Weekly Safety Meeting – Preventing Backovers

Backover incidents are not infrequent in the workplace. They occur when a vehicle is in the action of backing up and strikes or runs over a worker who is standing, walking, or kneeling behind the vehicle. These incidents can be prevented.

How Do Backover Incidents Occur?

The reality is that backover accidents can happen for a variety of reasons. Often drivers may not be able to see a worker in their blind spot. Workers may not hear backup alarms because of other worksite noises or because the alarms are not functioning. A spotter assisting one truck may not see another truck behind him. Workers riding on vehicles may fall off and get backed over. Drivers may assume that the area is clear and not look in the direction of travel. Sometimes, it is simply unclear why a worker was in the path of a backing vehicle.

What Can Be Done?

Many solutions exist to prevent backover incidents. Drivers can use a spotter to help them back up their vehicles.

Video cameras with in-vehicle display monitors can give drivers a view of what is behind them.

Proximity detection devices, such as radar and sonar, can alert drivers to objects that are behind them.

Tag-based systems can inform a driver when other employees are behind the vehicle and can alert employees when they walk near a vehicle equipped to communicate with the tag worn by the employee.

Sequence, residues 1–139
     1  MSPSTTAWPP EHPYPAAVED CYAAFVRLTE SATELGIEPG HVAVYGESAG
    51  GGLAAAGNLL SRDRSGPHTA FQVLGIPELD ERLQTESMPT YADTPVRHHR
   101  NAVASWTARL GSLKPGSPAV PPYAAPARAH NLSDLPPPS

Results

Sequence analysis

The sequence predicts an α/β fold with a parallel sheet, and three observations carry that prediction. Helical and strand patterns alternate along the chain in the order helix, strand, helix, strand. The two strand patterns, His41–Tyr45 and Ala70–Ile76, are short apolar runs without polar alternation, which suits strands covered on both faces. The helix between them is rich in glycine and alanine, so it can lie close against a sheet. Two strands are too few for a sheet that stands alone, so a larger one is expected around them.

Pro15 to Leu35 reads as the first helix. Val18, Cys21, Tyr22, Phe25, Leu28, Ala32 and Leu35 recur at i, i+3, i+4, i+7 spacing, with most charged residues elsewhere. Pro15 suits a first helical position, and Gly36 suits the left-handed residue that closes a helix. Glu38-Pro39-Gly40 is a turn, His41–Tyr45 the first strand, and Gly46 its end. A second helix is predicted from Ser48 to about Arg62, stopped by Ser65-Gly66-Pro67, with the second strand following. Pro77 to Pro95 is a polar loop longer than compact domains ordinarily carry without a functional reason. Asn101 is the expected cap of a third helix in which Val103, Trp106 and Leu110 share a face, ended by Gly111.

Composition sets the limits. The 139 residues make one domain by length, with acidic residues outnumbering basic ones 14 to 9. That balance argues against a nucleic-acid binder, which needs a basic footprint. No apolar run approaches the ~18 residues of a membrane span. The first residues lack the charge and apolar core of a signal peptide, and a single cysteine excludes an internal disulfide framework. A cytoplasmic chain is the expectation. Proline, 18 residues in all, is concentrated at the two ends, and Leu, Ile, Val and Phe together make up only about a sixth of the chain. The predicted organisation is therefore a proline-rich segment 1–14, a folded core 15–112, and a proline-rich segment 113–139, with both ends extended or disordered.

On some work sites, employers can create internal traffic control plans, which tell the drivers where to drive and reduce the need to back up.

In some cases, internal traffic control plans can also be used to separate employees on foot from operating equipment.

Training Workers

Training is another tool; you must train workers on the prevention of backover incidents. Blind spots are located behind and around vehicles and are dangerous to employees on foot. Training employees on where those blind spots will help them to avoid being in those areas. They will be more aware of dangerous areas and blind spots, and be more likely to avoid a backover incident.

Another element of this training could include allowing employees who will be working around vehicles to sit in the driver’s seat and get a feel for where the vehicles blind spots are and what, exactly, the drivers can see.

For More Information:

The National Institute for Occupational Safety and Health (NIOSH) has several blind spot diagrams on https://www.cdc.gov/niosh/topics/highwayworkzones/BAD/imagelookup.html. These diagrams can help explain what drivers of various large trucks can see.

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